But, on the other hand: were all three elements present? Full awareness? He thought not! He hadn’t known she was pregnant! So, at the utmost, we were talking about a venial sin, not a mortal one. He breathed three seconds in, nine out. He felt partially relieved.
He started peeling an orange. He tried to reconstruct what happened. Things were far from clear. Okay, the boy tried to commit suicide. On closer thought… even that was far from sure. He was lying on her bed, that’s a fact. No denying on that. Why would she lie? Had been swallowing more pills than was good for him. Mind the time though. She’d left for work early in the morning. If he’d only wanted to hurt her by leaving this planet, he thought, he would have done the job earlier, let’s say at ten, eleven, fresh as a daisy after a good night’s rest. But, he awaited the afternoon, he awaited her homecoming.
Putting two big slices in his mouth, swallowing down one, chewing on the other, he considered picking her up on this particular detail. Probably she was already aware of this: she had accompanied him into the emergency unit; no doubt doctors had told her how long these pills had been in his stomach. She would have understood immediately, she was no fool. A cry for attention, that’s what it looked like.
A baby. He pondered the word, pronounced it, whispering. It sounded weird, now, in this house. Yesterday there had been Marjorie, Amber, Lily. There hadn’t been a baby around. Now there was one. Okay – maybe not really. After six weeks he supposed they didn’t call it a baby yet. How would Sister Alicia have called it? An embryo. Maybe not even that. A ‘pre-embryo’. Something like that. Yes, - there was no man overboard: it was only a pre-embryo. One wants it, or doesn’t. If not one could cut it off, like an abscess. Did insects experience pain? Did flowers cry? He thought not. One did have to draw the line somewhere. He bet Sister Alicia would have told him this thought, this very thought, would already cost him a hundred years extra burning. Then, on this specific point, she was wrong. And if she wasn’t, what was a hundred years on a total of a billion? Not much. We were talking big margins here.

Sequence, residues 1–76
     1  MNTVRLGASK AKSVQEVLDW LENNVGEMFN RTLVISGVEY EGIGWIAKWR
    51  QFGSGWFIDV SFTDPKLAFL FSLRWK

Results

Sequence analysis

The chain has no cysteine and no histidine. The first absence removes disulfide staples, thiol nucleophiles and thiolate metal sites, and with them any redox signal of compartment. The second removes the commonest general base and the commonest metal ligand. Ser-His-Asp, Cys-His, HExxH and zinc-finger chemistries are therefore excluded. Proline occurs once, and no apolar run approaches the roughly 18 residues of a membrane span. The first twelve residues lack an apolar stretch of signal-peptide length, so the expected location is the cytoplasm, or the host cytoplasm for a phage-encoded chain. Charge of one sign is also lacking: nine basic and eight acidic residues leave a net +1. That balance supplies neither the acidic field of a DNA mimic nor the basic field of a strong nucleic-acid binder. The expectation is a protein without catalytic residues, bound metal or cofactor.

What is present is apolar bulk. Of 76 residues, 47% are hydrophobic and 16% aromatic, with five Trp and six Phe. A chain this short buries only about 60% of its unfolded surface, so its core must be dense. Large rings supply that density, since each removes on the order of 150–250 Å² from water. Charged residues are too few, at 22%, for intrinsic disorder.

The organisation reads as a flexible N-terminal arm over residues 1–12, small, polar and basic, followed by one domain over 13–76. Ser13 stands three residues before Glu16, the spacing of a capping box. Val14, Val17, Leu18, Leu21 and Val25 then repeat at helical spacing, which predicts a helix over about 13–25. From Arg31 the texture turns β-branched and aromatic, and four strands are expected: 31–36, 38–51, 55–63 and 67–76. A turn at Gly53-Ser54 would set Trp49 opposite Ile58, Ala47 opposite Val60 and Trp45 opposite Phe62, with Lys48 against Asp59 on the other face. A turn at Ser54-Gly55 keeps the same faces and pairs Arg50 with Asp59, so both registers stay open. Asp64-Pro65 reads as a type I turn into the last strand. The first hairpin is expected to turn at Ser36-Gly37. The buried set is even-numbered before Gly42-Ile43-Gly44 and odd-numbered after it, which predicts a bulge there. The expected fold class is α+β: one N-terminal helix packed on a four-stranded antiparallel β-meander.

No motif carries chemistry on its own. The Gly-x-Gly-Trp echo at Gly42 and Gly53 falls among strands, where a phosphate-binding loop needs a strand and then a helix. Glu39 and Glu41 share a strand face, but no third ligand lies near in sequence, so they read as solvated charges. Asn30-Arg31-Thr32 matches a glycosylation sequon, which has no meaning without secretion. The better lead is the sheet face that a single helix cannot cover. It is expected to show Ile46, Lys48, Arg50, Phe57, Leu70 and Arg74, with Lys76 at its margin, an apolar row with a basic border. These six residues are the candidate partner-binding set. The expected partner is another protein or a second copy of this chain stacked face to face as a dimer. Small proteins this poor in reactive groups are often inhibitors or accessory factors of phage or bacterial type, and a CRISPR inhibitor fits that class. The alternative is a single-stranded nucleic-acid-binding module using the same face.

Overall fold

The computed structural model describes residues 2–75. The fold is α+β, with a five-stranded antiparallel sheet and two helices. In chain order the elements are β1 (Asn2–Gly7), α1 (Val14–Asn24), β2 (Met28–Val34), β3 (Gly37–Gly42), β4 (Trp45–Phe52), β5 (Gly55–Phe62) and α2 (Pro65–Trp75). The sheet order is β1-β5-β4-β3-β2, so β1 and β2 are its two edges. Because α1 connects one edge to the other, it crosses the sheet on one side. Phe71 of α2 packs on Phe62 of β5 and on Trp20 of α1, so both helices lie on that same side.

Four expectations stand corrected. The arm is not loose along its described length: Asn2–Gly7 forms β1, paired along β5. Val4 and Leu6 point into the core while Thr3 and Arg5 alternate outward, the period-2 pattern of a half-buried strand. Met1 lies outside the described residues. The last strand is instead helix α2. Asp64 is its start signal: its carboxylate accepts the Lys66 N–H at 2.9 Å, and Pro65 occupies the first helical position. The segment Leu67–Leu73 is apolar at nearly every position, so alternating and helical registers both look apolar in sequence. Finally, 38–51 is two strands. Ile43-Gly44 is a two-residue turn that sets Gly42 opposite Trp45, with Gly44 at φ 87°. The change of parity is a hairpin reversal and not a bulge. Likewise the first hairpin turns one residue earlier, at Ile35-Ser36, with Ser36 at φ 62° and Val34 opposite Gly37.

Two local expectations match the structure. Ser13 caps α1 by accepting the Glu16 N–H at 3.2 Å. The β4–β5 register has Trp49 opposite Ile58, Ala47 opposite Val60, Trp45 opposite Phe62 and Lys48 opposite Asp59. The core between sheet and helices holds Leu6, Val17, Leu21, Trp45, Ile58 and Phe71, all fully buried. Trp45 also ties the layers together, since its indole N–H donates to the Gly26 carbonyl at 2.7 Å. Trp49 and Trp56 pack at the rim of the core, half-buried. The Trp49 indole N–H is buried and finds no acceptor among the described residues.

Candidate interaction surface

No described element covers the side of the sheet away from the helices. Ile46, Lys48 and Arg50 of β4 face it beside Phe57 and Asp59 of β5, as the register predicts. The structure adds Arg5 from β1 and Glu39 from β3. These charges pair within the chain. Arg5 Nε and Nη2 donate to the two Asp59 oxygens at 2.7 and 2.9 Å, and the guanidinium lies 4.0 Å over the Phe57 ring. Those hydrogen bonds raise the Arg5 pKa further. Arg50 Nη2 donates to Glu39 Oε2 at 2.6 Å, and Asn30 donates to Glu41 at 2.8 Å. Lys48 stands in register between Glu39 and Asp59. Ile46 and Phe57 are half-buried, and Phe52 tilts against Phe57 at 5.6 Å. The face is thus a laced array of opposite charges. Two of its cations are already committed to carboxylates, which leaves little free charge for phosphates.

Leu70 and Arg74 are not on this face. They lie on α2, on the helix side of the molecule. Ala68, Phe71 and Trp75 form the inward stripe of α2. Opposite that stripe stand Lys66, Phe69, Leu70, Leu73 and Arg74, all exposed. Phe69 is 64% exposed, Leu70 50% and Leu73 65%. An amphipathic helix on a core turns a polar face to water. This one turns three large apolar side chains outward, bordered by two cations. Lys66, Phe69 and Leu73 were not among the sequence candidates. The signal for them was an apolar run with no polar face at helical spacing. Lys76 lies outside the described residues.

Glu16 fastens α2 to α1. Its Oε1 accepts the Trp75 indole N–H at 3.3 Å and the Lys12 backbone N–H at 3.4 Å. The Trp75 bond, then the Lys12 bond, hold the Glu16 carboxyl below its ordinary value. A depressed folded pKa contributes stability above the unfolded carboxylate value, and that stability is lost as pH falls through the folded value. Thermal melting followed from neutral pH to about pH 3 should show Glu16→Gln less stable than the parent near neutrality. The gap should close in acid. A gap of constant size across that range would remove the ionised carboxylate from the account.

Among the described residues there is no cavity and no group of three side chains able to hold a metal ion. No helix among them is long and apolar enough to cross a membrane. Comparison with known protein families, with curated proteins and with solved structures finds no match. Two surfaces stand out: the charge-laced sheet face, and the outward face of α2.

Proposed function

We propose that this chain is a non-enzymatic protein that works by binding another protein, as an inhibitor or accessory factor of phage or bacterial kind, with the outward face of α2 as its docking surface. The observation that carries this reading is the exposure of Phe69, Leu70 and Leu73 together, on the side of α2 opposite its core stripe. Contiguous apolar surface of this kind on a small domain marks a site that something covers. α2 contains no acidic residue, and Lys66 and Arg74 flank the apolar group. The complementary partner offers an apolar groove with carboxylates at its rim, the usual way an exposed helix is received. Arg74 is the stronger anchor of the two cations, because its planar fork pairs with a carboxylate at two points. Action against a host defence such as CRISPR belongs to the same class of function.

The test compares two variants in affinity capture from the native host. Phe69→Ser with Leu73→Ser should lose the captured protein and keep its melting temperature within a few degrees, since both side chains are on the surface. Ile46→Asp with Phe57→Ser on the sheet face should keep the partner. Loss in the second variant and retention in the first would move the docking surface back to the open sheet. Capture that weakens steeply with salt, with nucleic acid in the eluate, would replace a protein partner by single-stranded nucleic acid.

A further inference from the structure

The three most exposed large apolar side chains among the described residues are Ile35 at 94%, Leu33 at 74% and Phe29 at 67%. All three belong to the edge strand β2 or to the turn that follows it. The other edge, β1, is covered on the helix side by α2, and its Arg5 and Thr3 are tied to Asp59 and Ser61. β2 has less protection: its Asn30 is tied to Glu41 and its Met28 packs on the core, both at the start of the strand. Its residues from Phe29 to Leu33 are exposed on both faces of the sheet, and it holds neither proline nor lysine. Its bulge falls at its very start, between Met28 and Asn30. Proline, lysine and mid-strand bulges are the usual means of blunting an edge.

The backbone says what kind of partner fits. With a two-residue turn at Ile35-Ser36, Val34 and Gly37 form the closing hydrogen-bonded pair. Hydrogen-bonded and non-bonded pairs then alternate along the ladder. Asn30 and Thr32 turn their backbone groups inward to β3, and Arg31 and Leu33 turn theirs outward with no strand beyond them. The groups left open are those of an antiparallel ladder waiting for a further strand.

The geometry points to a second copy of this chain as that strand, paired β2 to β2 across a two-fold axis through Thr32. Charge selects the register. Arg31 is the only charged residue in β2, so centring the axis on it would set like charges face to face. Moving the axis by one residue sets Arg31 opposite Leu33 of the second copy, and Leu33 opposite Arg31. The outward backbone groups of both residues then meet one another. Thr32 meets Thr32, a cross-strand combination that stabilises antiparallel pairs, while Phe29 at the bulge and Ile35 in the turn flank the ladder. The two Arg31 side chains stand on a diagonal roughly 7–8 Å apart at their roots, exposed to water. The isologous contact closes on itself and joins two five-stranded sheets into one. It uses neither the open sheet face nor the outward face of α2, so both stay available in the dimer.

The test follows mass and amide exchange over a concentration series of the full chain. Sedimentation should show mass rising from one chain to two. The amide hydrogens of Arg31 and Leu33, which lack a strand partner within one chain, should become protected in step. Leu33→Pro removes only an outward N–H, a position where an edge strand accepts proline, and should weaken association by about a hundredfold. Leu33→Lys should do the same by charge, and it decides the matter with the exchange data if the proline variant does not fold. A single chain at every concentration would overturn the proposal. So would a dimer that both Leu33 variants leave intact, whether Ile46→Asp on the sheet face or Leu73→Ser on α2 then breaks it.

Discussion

‘Ridiculous.’ His hands trembled. He pulled open the drawer, took a pill.
In his bathroom, in front of the mirror, a woman was smearing anti-stretch cream on her belly.
He washed down what was left of the orange. A bird landed on the window-sill. A crow. The crow was looking through the glass, into the room. As if he was searching for someone. He didn’t like this crow. If you don’t move, birds cannot see you. He didn’t move; he even held his breath. Now the crow clearly started looking at him. He still kept his breath. The bird kept looking, focusing on his eyes. It was Satan. He felt it. Purgatory! Hell! His palms felt sweaty. He didn’t budge for an inch. Suddenly the bird croaked: “Let me kiss thy mouth. I will kiss thy mouth, Jokanaan, I will kiss thy mouth!” He jumped up of his chair, shouting: “I do not wish to look at thee, Satan, thou art accursed!” Upon which the bird spread its wings, disappeared into the elm tree.